Go Back   nV News Forums > General Forums > Archived News Items

Newegg Daily Deals

Reply
 
Thread Tools
Old 05-19-12, 09:40 PM   #1
News
Registered User
 
Join Date: Jun 2009
Posts: 49,775
Post Make mainframes, not war: how Mad Men sold computers in the 1960s and 1970s

Cover photo for a 1964 brochure for the PDS 1020 Digital Computer.
Computer History Museum


Madison Avenue's strategy for popularizing computers shifted from the 1950s through the 1980s. At first pitches focused on reliability and speed, but by the 1960s, advertising brochures put big systems in gardens next to fashion models. When PCs came on the market, the sales pitch changed again. Computing went family friendly, with endorsements from Bill Cosby, William Shatner, and even Charlie Chaplin. Welcome to the Computer History Museum's "Selling the Computer Revolution" exhibit.
In 1983, advertising pioneer David Ogilvy summarized his mission as follows: "I do not regard advertising as entertainment or an art form, but as a medium of information. When I write an advertisement, I don't want you to tell me that you find it 'creative.' I want you to find it so interesting that you buy the product. When Aeschines spoke, they said, 'How well he speaks.' But when Demosthenes spoke, they said, 'Let us march against Philip'."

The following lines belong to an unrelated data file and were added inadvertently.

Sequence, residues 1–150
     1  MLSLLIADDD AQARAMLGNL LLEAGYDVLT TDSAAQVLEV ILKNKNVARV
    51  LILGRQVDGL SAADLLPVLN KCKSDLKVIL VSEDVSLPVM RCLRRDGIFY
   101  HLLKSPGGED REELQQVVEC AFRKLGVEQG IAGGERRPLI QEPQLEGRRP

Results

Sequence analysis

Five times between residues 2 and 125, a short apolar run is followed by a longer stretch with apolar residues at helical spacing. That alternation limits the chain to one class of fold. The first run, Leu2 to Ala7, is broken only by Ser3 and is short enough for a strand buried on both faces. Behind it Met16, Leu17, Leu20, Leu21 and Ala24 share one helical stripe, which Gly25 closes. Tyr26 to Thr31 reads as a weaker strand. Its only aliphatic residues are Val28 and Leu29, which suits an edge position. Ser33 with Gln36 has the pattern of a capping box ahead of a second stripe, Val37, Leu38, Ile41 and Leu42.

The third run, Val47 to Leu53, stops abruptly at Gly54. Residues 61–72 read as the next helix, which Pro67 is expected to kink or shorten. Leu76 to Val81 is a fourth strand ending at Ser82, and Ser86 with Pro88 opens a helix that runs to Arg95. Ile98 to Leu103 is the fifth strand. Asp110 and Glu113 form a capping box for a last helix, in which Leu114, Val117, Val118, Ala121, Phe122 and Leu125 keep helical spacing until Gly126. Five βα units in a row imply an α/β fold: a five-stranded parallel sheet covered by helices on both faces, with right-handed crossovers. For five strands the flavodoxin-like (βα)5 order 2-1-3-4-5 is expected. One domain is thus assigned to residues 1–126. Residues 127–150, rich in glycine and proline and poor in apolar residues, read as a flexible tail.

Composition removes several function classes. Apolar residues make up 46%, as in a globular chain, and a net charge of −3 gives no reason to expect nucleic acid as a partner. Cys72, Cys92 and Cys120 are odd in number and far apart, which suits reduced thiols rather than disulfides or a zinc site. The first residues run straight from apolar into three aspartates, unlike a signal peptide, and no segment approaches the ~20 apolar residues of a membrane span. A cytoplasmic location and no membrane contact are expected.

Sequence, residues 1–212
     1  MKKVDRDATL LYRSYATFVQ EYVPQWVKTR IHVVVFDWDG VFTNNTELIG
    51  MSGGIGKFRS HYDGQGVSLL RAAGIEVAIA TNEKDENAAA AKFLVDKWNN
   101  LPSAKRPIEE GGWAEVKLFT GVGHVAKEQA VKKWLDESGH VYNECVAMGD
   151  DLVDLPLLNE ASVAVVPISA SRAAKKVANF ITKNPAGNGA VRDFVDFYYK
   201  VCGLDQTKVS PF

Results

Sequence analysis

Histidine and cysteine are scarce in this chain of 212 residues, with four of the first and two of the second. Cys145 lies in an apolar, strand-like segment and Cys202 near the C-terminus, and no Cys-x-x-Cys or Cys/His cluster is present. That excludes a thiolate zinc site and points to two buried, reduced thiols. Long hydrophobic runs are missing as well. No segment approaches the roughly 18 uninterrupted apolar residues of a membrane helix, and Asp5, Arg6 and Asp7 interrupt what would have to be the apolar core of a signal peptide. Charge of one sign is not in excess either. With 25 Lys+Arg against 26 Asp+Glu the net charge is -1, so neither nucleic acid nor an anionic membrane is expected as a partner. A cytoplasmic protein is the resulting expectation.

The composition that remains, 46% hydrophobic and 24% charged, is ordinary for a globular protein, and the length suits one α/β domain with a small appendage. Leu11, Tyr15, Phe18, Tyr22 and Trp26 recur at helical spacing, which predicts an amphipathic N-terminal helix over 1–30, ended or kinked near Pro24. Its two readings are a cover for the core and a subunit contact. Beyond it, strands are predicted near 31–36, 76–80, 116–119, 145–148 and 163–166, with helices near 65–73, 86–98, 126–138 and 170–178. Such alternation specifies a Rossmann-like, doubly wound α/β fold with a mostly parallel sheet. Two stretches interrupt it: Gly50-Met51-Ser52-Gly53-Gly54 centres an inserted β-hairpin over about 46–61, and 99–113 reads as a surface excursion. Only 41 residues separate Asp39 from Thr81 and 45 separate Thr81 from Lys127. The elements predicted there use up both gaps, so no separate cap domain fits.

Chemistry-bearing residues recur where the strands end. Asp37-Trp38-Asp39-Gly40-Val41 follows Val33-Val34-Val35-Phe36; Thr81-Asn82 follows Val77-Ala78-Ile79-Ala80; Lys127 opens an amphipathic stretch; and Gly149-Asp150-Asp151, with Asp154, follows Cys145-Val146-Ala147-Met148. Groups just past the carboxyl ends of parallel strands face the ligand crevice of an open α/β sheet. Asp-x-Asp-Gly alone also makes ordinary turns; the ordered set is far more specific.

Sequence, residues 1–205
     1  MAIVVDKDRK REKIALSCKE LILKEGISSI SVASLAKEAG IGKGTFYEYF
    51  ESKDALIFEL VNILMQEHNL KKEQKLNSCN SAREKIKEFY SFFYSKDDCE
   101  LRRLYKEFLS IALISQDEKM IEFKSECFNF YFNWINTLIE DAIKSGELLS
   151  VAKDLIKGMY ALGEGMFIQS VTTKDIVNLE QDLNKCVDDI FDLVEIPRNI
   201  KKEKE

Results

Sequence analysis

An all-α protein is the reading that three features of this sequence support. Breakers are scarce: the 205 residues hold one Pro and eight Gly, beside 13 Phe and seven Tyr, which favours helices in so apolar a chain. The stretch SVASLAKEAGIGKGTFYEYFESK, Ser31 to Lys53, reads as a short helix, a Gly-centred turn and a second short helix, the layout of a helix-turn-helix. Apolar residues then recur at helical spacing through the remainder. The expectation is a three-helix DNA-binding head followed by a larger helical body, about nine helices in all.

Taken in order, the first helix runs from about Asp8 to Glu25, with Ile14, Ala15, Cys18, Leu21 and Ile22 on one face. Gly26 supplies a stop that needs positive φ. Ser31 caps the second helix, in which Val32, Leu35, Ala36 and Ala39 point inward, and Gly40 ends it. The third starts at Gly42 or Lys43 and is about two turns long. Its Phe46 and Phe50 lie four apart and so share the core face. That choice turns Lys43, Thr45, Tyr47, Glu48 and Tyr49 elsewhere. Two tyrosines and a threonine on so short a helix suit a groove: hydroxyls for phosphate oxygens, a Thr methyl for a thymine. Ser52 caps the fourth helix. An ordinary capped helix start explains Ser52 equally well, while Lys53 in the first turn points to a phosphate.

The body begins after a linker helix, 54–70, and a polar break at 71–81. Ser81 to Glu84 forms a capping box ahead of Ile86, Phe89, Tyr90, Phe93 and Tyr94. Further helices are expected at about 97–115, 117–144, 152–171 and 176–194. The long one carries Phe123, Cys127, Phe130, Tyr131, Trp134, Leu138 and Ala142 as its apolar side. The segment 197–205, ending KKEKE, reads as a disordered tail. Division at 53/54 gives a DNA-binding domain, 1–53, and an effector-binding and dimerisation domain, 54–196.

This Hellenic manifesto certainly gets to the point. Unfortunately, Ogilvy's battle cry offers little guidance for helping us view advertising spots from a half century ago'the kind that fans of the AMC series Mad Men see being worked out alongside the personal lives of Don Draper, Peggy Olson, and Pete Campbell. The dictum offers even less aid considering the ads hawk items so outmoded that even Ogilvy's skills could not inspire us to march on our local electronics store.

Take, for example, sales literature for mainframe computers made and marketed in the 1950s and 1960s. Even after reading a classy three color foldout for a room filling UNIVAC or PDP-5, would you buy one today? No way unless you are a dedicated collector. But now, thanks to the Computer History Museum's wonderful exhibit titled Selling the Computer Revolution, we can appreciate the considerable creative effort that went into making these machines attractive to business owners and consumers.

Read more | Comments







More...
News is offline   Reply With Quote
Reply


Thread Tools

Posting Rules
You may not post new threads
You may not post replies
You may not post attachments
You may not edit your posts

BB code is On
Smilies are On
[IMG] code is On
HTML code is Off
Forum Jump


All times are GMT -5. The time now is 10:20 PM.


Powered by vBulletin® Version 3.7.1
Copyright ©2000 - 2014, Jelsoft Enterprises Ltd.
Copyright 1998 - 2014, nV News.